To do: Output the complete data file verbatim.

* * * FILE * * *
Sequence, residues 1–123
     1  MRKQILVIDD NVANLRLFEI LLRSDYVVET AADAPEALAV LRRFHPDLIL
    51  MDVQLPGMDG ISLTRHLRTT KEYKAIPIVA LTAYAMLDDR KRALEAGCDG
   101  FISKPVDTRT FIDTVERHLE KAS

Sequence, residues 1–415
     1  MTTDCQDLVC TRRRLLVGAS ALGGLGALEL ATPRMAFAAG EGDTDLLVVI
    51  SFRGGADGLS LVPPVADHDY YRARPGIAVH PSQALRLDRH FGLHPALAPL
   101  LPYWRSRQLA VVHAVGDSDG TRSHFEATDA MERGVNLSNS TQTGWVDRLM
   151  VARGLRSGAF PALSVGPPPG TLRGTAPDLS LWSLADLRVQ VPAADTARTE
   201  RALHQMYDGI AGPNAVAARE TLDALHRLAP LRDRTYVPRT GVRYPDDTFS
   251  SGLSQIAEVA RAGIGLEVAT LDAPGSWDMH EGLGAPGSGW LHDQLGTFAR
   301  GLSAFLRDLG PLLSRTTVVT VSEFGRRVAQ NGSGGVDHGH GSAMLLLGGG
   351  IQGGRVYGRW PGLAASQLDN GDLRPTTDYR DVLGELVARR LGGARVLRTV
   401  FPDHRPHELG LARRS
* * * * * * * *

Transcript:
Sequence, residues 1–123
     1  MRKQILVIDD NVANLRLFEI LLRSDYVVET AADAPEALAV LRRFHPDLIL
    51  MDVQLPGMDG ISLTRHLRTT KEYKAIPIVA LTAYAMLDDR KRALEAGCDG
   101  FISKPVDTRT FIDTVERHLE KAS

Sequence, residues 1–415
     1  MTTDCQDLVC TRRRLLVGAS ALGGLGALEL ATPRMAFAAG EGDTDLLVVI
    51  SFRGGADGLS LVPPVADHDY YRARPGIAVH PSQALRLDRH FGLHPALAPL
   101  LPYWRSRQLA VVHAVGDSDG TRSHFEATDA MERGVNLSNS TQTGWVDRLM
   151  VARGLRSGAF PALSVGPPPG TLRGTAPDLS LWSLADLRVQ VPAADTARTE
   201  RALHQMYDGI AGPNAVAARE TLDALHRLAP LRDRTYVPRT GVRYPDDTFS
   251  SGLSQIAEVA RAGIGLEVAT LDAPGSWDMH EGLGAPGSGW LHDQLGTFAR
   301  GLSAFLRDLG PLLSRTTVVT VSEFGRRVAQ NGSGGVDHGH GSAMLLLGGG
   351  IQGGRVYGRW PGLAASQLDN GDLRPTTDYR DVLGELVARR LGGARVLRTV
   401  FPDHRPHELG LARRS